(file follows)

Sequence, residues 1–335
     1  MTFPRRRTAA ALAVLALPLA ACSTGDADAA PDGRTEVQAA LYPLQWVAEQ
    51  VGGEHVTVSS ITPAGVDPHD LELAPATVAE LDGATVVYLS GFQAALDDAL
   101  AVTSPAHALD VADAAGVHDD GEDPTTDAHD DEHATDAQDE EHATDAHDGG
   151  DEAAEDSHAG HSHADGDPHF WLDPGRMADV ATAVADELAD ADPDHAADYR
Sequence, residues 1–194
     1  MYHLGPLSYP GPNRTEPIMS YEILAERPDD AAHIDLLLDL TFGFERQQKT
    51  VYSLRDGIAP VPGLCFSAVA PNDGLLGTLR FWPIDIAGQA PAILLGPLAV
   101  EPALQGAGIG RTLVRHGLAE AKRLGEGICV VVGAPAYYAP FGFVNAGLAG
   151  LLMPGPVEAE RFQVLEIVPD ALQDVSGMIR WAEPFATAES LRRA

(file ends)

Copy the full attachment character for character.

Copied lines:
Sequence, residues 1–335
     1  MTFPRRRTAA ALAVLALPLA ACSTGDADAA PDGRTEVQAA LYPLQWVAEQ
    51  VGGEHVTVSS ITPAGVDPHD LELAPATVAE LDGATVVYLS GFQAALDDAL
   101  AVTSPAHALD VADAAGVHDD GEDPTTDAHD DEHATDAQDE EHATDAHDGG
   151  DEAAEDSHAG HSHADGDPHF WLDPGRMADV ATAVADELAD ADPDHAADYR
Sequence, residues 1–194
     1  MYHLGPLSYP GPNRTEPIMS YEILAERPDD AAHIDLLLDL TFGFERQQKT
    51  VYSLRDGIAP VPGLCFSAVA PNDGLLGTLR FWPIDIAGQA PAILLGPLAV
   101  EPALQGAGIG RTLVRHGLAE AKRLGEGICV VVGAPAYYAP FGFVNAGLAG
   151  LLMPGPVEAE RFQVLEIVPD ALQDVSGMIR WAEPFATAES LRRA